Another significant point to be noted was that the appellant sought the disclosure of at least the ‘gross annual income’ of her husband so that she could defend her matrimonial case. Considering the said marital discord between the husband and wife vis-à-vis her right of maintenance, Commission opined that the respondent should consider providing the numerical figures of the gross annual income of her husband.

In light of the above observations, appeal was disposed of. [Amrita Chatterjee v. CPIO, Income Tax Officer; 2021 SCC OnLine CIC 40; decided on 08-01-2021]

Case BriefsHigh Courts

Delhi High Court: Anu Malhotra, J., dismissed the petition in view of the dispute being settled mutually.

The instant petition sought quashing of an FIR registered under Sections 498A/406/34 of the Penal Code, 1860 submitting to the effect that a settlement has since been arrived at between the parties.

State did not oppose the quashing of FIR which was apparently emanated due to a matrimonial discord which has been resolved by the dissolution of the marriage between the parties vide a decree of divorce through mutual consent under Section 13 B (2) of the Hindu Marriage Act, 1955.

Respondent 2 had stated that she arrived at the settlement with petitioners without any duress, pressure or coercion from any quarter, hence Court considered it appropriate to put a quietus to the litigation between the parties and for the maintenance of peace and harmony between the parties in view of the observations of the Supreme Court decision in Gian Singh v. State of Punjab, (2012) 10 SCC 303 and Jitendra Raghuvanshi v. Babita Raghuvanshi, (2013) 4 SCC 58, wherein it was held that:

“… it is the duty of the courts to encourage genuine settlements of matrimonial disputes, particularly, when the same are on considerable increase. Even if the offences are non-compoundable, if they relate to matrimonial disputes and the Court is satisfied that the parties have settled the same amicably and without any pressure, we hold that for the purpose of securing ends of justice, Section 320 of the Code would not be a bar to the exercise of power of quashing of FIR, complaint or the subsequent criminal proceedings.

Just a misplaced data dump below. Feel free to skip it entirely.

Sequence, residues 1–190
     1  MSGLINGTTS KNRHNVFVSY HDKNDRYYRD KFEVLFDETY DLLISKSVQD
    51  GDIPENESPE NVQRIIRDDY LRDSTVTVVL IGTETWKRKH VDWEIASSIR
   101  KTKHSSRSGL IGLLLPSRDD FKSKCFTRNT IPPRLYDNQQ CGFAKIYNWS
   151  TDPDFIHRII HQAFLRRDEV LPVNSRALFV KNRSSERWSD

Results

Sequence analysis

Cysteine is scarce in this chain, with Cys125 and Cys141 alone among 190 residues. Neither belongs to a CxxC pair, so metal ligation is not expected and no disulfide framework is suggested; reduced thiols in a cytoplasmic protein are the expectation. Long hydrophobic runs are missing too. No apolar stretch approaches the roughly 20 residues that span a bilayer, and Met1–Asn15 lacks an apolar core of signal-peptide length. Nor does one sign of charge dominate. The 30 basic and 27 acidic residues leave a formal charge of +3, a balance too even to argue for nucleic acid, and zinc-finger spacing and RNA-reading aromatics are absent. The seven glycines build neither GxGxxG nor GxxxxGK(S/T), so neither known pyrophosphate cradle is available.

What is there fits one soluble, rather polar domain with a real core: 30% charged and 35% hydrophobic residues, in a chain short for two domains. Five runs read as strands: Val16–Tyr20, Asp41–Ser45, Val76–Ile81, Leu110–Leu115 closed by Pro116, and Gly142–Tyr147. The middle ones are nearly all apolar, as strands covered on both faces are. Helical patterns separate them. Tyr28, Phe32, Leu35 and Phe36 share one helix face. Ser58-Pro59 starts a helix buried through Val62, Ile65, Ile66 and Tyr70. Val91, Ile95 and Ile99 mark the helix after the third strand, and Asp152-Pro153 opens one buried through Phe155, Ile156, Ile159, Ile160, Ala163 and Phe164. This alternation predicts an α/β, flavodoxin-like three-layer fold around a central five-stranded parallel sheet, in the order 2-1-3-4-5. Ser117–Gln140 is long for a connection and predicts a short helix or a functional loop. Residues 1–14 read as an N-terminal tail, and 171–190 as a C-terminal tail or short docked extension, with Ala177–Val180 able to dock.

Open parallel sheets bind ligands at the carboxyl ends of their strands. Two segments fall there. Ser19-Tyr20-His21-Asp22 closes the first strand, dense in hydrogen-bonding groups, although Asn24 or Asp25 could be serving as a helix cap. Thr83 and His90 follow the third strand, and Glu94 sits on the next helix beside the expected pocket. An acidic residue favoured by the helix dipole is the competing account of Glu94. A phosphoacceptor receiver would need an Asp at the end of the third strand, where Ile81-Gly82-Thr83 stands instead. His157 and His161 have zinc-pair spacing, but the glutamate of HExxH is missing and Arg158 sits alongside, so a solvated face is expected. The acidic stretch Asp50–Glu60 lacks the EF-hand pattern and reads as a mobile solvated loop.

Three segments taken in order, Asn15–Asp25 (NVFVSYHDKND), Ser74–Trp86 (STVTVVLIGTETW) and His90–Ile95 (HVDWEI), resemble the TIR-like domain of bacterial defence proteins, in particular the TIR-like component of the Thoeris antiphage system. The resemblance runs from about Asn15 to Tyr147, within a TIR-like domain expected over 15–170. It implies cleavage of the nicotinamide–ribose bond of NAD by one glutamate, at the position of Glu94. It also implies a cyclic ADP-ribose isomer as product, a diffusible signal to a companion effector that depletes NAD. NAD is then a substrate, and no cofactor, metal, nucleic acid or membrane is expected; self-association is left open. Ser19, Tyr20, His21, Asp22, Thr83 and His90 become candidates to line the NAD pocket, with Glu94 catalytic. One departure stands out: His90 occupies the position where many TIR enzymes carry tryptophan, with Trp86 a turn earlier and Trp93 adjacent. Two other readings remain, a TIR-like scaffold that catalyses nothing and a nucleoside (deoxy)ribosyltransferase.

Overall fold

16. There has been an outburst of matrimonial disputes in recent times. They institution of marriage occupies an important place and it has an important role to play in society. Therefore, every effort should be made in the interest of the individuals in order to enable them to settle down in life and live peacefully. If the parties ponder over their defaults and terminate their disputes amicably by mutual agreement instead of fighting it out in a court of law, in order to do complete justice in the matrimonial matters, the courts should be less hesitant in exercising their extraordinary jurisdiction. It is trite to state that the power under Section 482 should be exercised sparingly and with circumspection only when the Court is convinced, on the basis of material on record, that allowing the proceedings to continue would be an abuse of process of court or that the ends of justice require that the proceedings ought to be quashed….”

(emphasis supplied)

Hence, in view of the above, the Court directed for quashing of the FIR and disposed of the petition.[Harish Kumar v. State, 2020 SCC OnLine Del 1635, decided on 04-12-2020]


Advocates who appeared before the Court:

For the petitioners: Naveen Kumar Bansal, Advocate with petitioners in person.